Pittsburgh faith leaders to hold community hearing to discuss action and Black Lives Matter | Blogh

Pittsburgh faith leaders to hold community hearing to discuss action and Black Lives Matter

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Rev. Rodney Lyde speaks at the Pittsburgh Interfaith Impact Network about race and police. - PHOTO BY RYAN DETO
  • Photo by Ryan Deto
  • Rev. Rodney Lyde speaks at the Pittsburgh Interfaith Impact Network about race and police.

On June 12, a coalition of faith leaders convened to lament the recent shootings of two black men by police officers and the killings of the five police officers in Dallas, during a Black Lives Matters protest. The Rev. Rodney Lyde, president of Pennsylvania Interfaith Impact Network, says he is deeply saddened by all the killings, but is calling for a move that goes beyond protesting.

“This is a time for above and beyond,” said Lyde. “If our police are the best trained in the world, but we fail to deal with basic racism and the adversity of people of color ... our black people are arrested, locked up, and the worst possible outcome, killed.”

Alton Sterling, of Louisiana, was shot and killed by police officers after he was confronted for selling CDs on the street. Philandro Castile, of Minnesota, was shot by a police officer while alledgedly reaching for his wallet while being pulled over for a broken tail light. Pittsburgh activists marched through Downtown on June 9 to protest the killings.

Lyde said that police-community relations, or lack thereof, are not the sole cause of all the tensions and shootings of African Americans. PIIN has been involved in other social-justice fights in Pittsburgh, including faith leaders that were arrested outside of the UPMC Steel Tower after protesting the right for workers to form a union. He applauded the effort forged between PIIN and Pittsburgh Police to have officers trained in implicit bias but says that there is much more to accomplish to deal with the root causes of “structural racism.”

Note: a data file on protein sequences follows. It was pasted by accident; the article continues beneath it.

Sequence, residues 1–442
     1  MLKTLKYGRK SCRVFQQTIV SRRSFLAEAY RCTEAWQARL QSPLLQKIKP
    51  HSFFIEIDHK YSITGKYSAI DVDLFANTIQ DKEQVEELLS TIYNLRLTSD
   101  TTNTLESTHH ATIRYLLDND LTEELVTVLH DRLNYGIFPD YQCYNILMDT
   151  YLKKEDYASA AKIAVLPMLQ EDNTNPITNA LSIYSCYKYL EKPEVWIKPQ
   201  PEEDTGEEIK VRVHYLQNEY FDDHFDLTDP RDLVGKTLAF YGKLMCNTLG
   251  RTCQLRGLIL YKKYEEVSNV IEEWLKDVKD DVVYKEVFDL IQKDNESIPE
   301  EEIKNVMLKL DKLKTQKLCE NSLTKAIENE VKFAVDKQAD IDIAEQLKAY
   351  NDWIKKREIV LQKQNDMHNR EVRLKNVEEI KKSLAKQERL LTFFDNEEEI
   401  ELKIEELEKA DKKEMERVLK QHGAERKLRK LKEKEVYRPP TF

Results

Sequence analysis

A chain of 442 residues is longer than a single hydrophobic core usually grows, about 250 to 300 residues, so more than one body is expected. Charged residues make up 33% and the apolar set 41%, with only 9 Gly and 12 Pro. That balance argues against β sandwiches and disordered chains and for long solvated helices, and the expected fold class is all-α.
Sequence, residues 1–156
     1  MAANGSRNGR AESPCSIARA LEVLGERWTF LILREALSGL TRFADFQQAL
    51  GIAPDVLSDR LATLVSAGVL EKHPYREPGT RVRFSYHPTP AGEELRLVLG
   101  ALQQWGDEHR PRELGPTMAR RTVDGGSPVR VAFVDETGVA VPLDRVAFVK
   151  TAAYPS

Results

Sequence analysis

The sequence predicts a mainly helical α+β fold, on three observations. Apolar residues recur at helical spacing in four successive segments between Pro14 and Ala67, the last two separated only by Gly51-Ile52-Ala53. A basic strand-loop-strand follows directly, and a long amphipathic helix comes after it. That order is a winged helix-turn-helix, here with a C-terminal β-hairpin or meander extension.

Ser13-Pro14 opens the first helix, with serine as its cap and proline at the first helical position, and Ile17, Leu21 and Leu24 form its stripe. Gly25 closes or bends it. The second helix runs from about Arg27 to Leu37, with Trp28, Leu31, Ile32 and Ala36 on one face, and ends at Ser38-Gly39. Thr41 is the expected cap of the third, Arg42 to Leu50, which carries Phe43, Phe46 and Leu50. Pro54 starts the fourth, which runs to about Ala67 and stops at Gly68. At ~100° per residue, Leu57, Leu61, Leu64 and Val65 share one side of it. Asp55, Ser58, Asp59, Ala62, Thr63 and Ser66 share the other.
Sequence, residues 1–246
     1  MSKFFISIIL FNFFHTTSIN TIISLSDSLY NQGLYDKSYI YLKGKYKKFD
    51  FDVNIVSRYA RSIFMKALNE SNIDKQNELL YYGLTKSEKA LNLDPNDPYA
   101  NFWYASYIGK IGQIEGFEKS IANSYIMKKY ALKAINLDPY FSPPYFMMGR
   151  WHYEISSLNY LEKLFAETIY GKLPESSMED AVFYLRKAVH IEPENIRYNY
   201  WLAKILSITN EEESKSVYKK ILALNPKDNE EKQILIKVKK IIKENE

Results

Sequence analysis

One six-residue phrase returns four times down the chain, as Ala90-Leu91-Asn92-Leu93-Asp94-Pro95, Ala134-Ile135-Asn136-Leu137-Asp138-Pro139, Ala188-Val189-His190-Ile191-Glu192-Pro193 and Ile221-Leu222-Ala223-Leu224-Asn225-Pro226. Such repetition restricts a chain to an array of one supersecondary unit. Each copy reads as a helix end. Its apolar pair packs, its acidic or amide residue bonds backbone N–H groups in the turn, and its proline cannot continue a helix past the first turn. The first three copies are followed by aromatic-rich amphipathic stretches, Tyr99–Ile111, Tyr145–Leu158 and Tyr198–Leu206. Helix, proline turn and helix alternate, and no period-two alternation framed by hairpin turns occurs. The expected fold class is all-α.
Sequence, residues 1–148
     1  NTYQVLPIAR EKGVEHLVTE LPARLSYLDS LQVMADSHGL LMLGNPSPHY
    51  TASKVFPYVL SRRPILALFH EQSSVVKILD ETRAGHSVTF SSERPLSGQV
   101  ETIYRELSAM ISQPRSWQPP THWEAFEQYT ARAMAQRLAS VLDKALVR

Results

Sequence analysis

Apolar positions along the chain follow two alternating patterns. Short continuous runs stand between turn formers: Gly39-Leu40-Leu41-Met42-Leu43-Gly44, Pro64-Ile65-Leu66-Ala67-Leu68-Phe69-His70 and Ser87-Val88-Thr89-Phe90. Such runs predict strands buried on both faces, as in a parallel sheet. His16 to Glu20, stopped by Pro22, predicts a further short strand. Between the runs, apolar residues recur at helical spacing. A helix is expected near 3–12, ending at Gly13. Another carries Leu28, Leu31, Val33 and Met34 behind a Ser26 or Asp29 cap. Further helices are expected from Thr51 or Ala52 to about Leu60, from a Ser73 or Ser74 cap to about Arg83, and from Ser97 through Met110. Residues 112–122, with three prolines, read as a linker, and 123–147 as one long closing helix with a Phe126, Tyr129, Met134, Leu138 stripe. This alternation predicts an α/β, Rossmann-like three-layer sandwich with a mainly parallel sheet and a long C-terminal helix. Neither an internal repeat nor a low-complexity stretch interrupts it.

“That is where see the manifestation,” said Lyde. “In the lack of affordable housing, the disparity in education, and there are not enough family-sustaining jobs.”

Dave Swanson of PIIN and pastor of Pittsburgh Mennonite Church in Swissvale concurred with Lyde’s sentiments and said that perceptions need to be changed before positive progress occurs. “As long as black bodies and black lives are viewed as lesser, this will continue,” said Swanson.

The Rev. De Neice Welsh of PIIN announced that in response to the recent killings, PIIN will hold a community meeting on July 21, at 7 p.m., at the St. James AME Church in Larimer. Welsh said that topics will include economic inequality, loss of community resources, and self-hatred in minority communities.

“We see to convene this forum to seek justice,” said Welsh. “We believe faith should be at the center of the work going forward.”

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